Venezuelan women work against gender inequality, femicide

BOGOTA, Colombia – Feminist groups celebrated International Women’s Day with the conviction that their movement is growing. In Caracas, Andrea Paola Hernández recently held up her green bandana to show she is pro-choice.

Hernández, 26, remembers fondly how hundreds of green-clad women celebrated in Argentina late last year after winning their fight to legalize abortion.

The student at the National Experimental University of the Arts is a Women Deliver activist. She said her single mother, who raised her and three other children, is the inspiration behind her fight.

“Many people feel disconnected to these movements, so it will take a while to reach these goals here,” Hernández said in Spanish as she sat alongside the LGBTQ rainbow flag.

While the United Nations registered the cases more than doubled last year, Utopix registered 167 in 2019 and 256 cases in 2020.

The Organization of American States reported concerns over the increase of femicides citing unofficial records. The dozens of victims were mostly between 21 to 35 years old.

The lockdowns of the pandemic also raised the risk of domestic violence last year for women who are forced to live with abusive partners.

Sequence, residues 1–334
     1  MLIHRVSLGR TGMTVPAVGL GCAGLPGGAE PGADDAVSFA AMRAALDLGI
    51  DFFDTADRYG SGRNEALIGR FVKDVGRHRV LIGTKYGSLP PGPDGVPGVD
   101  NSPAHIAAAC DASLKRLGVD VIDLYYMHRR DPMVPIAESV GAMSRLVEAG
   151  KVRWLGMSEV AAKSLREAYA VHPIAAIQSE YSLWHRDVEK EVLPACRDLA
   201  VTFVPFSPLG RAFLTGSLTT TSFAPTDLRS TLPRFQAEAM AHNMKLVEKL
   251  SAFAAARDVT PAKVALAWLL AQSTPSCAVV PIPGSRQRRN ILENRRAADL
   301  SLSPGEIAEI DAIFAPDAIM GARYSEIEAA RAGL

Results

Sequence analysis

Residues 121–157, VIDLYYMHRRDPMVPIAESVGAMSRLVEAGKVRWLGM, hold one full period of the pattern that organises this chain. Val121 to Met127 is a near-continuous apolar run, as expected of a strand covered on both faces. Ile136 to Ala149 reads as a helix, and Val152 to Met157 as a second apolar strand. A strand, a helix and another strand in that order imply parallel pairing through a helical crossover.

“This is a reality that doesn’t stop,” Magda Marleon said in Spanish, adding it is worsening. “It is vital that all of Venezuelan society reject all types of violence against women.”

Last month, hundreds marched in Acarigua to protest the murders of Eliannys Martinez, 17, and Eduarlis Falcon, 20, who were both victims of sexual violence. Martinez was kidnapped after church and Falcon before going to the gym.

The OAS also reported the situation of healthcare for pregnant women, was likely boosting their migration to neighboring countries.

According to the Center for Strategic and International Studies, a think tank based in Washington, D.C., at least 40% of the over 5.3 million refugees that have fled the country are women and this makes them vulnerable to sexual violence, exploitation, and human trafficking.

To raise awareness of this and other challenges, Mujeres Radio started streaming late last year in Caracas. Mónica Tamarones started the independent station, which has a YouTube channel, an Instagram page, and a community on Whatsapp.

“People can’t wait until one of their female family members is killed, we have to get the word out,” Tamarones said. “This is another silent pandemic.”


More facts about femicides in Latin America

  • About 4,555 women were victims in 15 Latin American countries and four Caribbean countries in 2019.
  • In Latin America, the highest rates of femicide were in Honduras, El Salvador, the Dominican Republic, and Bolivia.
  • There were 1,941 femicides in Brazil, 983 in Mexico, 299 in Honduras, 252 in Argentina, 226 in Colombia and 128 in Peru.

Source: The United Nations,

About the Authors:

The Emmy Award-winning journalist joined the Local 10 News team in 2013. She wrote for the Miami Herald for more than 9 years and won a Green Eyeshade Award.